(Four free levels, six taken, balanced by fault):

Body: Good (1)
Reason/Mechanical: Great (2)
Perceive/React: Superb (3)
Willpower: Fair (0)


(50 Free levels, 56 taken, balanced by fault)

Acrobatics: Good (3)
Acting/Disguise: Great (4)
Barroom Savvy: Good (3)
Blaster: Superb (5)
Computer Operation: Fair (2)
Diplomacy: Good (3)
Electronics: Good (3)
Familiarity with
Major Planetary Systems: Good (3)
Gunnery: Great (4)
Haggle: Fair (2)
Hard Sciences: Fair (2)
Mimicry: Mediocre (1)
Navigation: Good (3)
Pick Up Languages: Fair (2)
Piloting: Great (4)
Repair Scoutship Systems: Good (3)
Stealth: Great (4)
Unarmed Combat: Fair (2)
Zero-G Maneuvering: Good (3)


(Two free gifts, four taken, balanced by faults)

Handsome; Reputation as Hero; Never disoriented in zero Gravity; Rank of Captain in the Space Patrol

Supernormal Powers

(One free Supernormal power, one taken)

Able to key in on one mind up to a mile (1.5 km) away and follow the trail on Good Situational roll or better every 15 minutes.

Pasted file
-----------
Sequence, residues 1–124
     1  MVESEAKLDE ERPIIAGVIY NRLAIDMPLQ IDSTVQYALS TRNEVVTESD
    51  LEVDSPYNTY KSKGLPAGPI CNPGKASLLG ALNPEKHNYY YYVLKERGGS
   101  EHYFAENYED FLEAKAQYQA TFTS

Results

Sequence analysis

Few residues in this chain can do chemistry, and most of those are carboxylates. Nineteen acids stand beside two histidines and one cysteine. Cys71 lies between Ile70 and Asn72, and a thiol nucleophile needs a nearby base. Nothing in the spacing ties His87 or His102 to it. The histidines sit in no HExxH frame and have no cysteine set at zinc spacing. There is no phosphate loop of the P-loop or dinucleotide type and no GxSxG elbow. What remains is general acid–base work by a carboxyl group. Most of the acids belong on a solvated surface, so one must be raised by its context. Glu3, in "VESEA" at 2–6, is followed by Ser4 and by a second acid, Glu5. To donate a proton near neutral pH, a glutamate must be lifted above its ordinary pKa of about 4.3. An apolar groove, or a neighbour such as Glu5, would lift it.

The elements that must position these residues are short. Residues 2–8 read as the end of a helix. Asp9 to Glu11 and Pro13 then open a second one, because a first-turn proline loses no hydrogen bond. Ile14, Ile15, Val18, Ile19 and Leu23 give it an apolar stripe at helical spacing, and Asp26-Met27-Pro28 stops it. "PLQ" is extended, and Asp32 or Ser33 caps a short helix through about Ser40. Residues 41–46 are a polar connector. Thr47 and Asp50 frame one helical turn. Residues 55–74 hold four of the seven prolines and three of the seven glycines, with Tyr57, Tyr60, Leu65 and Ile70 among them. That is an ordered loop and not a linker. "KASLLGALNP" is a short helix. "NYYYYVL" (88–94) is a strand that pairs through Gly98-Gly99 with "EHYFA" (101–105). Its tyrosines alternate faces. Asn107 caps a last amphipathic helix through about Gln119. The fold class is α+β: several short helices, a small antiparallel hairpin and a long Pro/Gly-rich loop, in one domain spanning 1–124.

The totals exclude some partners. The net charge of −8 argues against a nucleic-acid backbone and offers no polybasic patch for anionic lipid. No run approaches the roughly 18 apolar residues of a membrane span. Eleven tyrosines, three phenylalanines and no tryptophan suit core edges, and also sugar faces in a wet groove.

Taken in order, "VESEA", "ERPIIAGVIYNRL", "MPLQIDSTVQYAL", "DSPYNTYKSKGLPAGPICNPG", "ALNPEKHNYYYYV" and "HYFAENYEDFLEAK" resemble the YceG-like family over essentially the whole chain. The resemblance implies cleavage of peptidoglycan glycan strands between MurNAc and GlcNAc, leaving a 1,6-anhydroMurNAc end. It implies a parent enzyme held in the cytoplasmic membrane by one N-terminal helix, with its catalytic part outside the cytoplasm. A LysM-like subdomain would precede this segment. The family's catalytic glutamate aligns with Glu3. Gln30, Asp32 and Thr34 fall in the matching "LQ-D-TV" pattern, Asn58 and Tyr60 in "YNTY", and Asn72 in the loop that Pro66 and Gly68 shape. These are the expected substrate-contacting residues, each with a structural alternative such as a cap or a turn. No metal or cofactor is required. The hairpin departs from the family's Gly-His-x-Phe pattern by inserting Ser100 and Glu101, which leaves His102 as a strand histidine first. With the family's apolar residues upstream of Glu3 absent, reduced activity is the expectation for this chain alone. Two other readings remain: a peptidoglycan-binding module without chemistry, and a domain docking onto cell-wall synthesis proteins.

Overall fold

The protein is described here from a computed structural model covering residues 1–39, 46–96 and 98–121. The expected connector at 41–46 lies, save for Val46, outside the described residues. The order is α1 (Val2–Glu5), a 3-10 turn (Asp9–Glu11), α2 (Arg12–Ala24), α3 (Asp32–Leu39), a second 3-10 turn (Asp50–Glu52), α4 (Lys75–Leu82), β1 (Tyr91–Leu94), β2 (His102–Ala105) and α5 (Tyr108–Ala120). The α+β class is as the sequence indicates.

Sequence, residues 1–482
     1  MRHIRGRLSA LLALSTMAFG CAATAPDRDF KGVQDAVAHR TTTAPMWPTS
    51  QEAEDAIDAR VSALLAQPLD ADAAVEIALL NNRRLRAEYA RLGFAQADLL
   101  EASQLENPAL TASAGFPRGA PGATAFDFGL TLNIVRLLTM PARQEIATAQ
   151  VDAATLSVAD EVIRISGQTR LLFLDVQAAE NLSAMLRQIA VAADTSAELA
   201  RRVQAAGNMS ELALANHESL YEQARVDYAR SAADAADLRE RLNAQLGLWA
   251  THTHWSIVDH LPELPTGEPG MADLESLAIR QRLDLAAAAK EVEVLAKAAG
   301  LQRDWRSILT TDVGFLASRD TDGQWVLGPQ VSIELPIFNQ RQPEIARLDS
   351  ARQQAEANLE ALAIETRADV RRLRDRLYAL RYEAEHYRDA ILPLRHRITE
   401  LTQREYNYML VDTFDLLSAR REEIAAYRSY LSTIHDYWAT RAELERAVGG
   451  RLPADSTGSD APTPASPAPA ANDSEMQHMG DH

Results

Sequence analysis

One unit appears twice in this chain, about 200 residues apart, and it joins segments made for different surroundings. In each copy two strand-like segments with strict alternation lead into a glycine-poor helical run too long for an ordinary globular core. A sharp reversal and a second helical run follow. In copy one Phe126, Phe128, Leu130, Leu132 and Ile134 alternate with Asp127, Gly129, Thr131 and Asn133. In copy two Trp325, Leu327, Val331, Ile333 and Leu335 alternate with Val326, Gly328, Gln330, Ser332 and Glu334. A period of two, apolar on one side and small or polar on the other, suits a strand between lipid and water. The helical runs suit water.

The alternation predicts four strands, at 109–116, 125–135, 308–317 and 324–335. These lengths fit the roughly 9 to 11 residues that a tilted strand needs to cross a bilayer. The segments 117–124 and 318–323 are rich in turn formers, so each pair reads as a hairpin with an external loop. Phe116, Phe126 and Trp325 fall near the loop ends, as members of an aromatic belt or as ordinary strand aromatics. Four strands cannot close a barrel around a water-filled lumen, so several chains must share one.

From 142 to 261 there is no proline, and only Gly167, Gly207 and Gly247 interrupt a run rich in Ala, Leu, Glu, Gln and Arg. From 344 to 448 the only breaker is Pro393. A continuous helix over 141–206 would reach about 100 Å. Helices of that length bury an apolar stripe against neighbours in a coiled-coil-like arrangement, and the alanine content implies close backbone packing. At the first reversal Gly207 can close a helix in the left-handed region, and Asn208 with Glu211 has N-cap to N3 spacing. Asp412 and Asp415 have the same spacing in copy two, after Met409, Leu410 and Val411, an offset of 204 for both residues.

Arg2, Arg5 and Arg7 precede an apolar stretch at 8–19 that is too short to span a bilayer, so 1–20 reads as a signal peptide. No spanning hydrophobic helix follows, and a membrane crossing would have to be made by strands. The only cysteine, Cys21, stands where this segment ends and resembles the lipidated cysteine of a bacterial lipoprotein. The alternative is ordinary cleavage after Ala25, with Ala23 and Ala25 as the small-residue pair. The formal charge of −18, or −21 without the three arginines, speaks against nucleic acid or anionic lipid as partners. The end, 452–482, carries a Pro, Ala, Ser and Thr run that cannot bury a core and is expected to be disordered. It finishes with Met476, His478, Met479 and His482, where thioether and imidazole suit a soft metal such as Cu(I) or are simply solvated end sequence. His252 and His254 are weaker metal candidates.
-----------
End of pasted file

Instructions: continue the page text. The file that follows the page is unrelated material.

Amorous heartbreaker-- love 'em and leave 'em; Bravery indistinguishable from foolhardiness; Fanatic patriot; Must obey senior officers in the Space Patrol Seihook-- Alien from Aldebaran

The erlesti are a non-humanoid race from the star system Aldebaran. An erlest resembles a collection of animated twine and moss-covered rock. It digests the moss through its ``skin''-- but to a human observer, the moss appears to be digesting the erlest. Erlesti can also use the ``twine'' pieces as straws to drink fluids-- alcohol affects them as it does humans. While erlesti have nothing resembling hands, they have strong psi powers that enable them to manipulate their environment and even travel space.

Erlesti are friendly with humanity-- ``interesting auras,'' they say, ``always interesting.'' In general, they are bewildered by red tape, dislike war, value their families above all things, and like comfort, but don't seek extreme wealth.

Their Damage Capacity is determined by their Size attribute (their small size and increased density balance out to the same Scale as humans); Perception is determined by Empathy Skill, which they say extends to inanimate objects, and refuse to use any other word to describe the ability. Psi attributes rate raw strength; psi skills fine manipulation of that strength. Erlesti are hermaphroditic (they exchange ``twine'' with each other to procreate), so Seihook is both male and female.